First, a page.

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July 11, 2008

Detroit Decision Makes Way for Greener Garbage

Midetroitincinerator

Detroit-area Sierra Club activists cheered on June 30 when Mayor Kwame Kilpatrick announced that the city will not purchase the country's largest waste incinerator, formally known as the Detroit Resource Recovery Facility, and will instead expand city recycling programs and send trash to a landfill.

"Now it's time to shout!" says Rhonda Anderson (below at left), director of the Sierra Club's Detroit Environmental Justice Program. "This announcement by the mayor is a major development and almost a sure indication that the incinerator will close." The battle over the future of the Detroit incinerator, which began operating in 1989, is seen by many industry people as a key to the future of incineration in the United States.

Miincineratorcollage

"It's time to retire this dinosaur of a technology that has polluted our city and planet for far too long," Anderson said at a citizen rally in front of the incinerator on June 18. "We are gathering today to say that incineration is a major liability in the context of climate change."

The Sierra Club is part of a coalition of environmental and community groups that worked with the city council's Environmental Justice Task Force to craft a "New Business Model for Garbage." The model includes goals for a future waste system that incorporates monetary incentives for recyclers, green collar jobs, and business and economic development linked to the reuse and sale of recovered materials.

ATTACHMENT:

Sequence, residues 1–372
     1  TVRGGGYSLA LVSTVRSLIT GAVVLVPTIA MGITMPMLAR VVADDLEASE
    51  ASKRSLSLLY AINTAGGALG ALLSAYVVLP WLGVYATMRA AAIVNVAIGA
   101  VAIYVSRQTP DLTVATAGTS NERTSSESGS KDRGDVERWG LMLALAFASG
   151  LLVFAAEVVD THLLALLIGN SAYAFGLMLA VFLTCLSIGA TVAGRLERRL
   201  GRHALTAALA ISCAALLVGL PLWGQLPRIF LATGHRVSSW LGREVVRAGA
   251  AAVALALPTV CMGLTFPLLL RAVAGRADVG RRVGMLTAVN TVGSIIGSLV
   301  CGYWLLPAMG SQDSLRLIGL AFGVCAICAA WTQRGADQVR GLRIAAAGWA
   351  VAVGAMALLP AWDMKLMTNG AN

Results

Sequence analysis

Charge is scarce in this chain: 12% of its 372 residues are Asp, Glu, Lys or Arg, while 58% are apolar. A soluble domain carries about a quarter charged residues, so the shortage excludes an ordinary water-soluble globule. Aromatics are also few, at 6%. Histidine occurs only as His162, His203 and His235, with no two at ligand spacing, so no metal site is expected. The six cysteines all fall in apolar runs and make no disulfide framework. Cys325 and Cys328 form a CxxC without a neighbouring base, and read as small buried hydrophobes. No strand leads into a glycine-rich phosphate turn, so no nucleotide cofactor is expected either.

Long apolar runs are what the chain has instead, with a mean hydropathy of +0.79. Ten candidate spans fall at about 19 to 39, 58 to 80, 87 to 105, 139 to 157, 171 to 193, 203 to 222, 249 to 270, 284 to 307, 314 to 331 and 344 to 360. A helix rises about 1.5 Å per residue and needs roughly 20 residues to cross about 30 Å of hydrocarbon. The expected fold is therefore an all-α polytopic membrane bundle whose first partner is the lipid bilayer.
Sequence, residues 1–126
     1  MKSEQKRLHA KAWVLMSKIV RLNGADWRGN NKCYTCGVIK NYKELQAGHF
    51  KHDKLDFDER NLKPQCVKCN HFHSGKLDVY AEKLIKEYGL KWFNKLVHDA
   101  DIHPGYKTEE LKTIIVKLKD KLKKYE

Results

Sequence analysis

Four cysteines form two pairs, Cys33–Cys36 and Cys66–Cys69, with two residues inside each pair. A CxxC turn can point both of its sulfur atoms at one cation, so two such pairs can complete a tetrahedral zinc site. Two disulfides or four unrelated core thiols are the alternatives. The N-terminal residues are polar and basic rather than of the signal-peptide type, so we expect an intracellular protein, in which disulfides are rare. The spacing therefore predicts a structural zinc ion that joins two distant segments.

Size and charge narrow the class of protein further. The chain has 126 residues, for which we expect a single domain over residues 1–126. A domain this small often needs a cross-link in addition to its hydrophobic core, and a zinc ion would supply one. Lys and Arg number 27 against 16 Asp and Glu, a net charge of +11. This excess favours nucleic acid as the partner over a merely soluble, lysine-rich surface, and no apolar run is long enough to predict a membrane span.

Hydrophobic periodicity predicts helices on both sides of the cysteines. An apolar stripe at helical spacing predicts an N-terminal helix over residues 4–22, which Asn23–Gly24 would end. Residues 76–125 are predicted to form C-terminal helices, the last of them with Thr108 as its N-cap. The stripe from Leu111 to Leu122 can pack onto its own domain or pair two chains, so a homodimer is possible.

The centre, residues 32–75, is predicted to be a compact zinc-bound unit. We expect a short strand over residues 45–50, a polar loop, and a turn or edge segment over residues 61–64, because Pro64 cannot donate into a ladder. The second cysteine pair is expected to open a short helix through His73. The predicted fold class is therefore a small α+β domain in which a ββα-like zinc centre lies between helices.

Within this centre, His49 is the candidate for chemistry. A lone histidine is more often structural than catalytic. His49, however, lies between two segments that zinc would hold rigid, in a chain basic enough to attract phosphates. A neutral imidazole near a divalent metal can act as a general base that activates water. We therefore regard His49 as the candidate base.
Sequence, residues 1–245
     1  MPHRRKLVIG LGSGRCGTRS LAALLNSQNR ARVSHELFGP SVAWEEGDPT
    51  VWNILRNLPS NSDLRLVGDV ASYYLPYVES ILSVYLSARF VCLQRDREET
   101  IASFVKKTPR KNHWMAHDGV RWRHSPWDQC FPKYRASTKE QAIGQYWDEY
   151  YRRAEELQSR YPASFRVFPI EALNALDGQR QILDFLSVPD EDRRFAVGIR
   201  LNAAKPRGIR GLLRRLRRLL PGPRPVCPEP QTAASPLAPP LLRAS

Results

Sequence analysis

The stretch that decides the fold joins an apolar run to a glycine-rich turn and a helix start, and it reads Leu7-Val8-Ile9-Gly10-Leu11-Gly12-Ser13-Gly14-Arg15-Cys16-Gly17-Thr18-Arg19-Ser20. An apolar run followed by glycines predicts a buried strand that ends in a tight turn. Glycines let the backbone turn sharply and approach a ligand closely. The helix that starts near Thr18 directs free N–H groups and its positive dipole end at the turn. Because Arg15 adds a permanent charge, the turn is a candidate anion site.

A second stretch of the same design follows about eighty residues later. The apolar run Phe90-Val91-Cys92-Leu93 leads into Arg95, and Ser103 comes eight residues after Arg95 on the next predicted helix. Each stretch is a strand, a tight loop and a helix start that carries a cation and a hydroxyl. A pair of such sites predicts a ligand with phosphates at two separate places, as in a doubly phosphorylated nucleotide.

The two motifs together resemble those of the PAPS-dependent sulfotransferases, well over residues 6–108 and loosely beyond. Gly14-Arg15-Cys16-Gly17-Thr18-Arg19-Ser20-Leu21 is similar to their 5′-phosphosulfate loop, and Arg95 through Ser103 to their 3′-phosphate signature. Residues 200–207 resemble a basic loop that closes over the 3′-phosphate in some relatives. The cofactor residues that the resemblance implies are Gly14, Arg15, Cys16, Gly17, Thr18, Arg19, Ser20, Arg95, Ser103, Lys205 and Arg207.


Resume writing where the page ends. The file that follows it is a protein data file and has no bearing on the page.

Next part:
Carol Izant (at right, above), chair of the Sierra Club's Southeast Michigan Group, has been a longtime leader in galvanizing citizen opposition to the incinerator through her involvement with the grassroots group Evergreen Alliance. She is also quick to credit the key roles played by fellow group activists Anna Holden and Ed McArdle (above center).

"Anna hung tough on this issue and cultivated the stakeholders needed to build a broad-based coalition of community activists, environmental experts, and sympathetic elected officials," Izant says. "And Ed's efforts over the years have resulted in the toppling of one incinerator after another."

Holden in turn praises Margaret Weber of Rosedale Recycles, a volunteer neighborhood recycling organization. Weber is coordinator of the New Business Model for Solid Waste coalition and former director of the Ecology Center, highly reputed for its work on incinerators.

The Detroit incinerator was sold to private investors in 1991, but the city, through the fees it pays to burn trash, continues to shoulder the enormous cost of running the facility. By comparison, the city of Ann Arbor, which has the most active recycling program in Michigan, pays $18.75 per ton to landfill its garbage, while Detroit pays $172 a ton to burn its trash and dispose of the ashes. Adding insult to injury, less than half of the trash incinerated at the facility comes from Detroit residents.

Read reporter Curt Guyette's series on the incinerator, The Big Burn, in the Detroit Metro Times.

Incinerator photo by Gyre.

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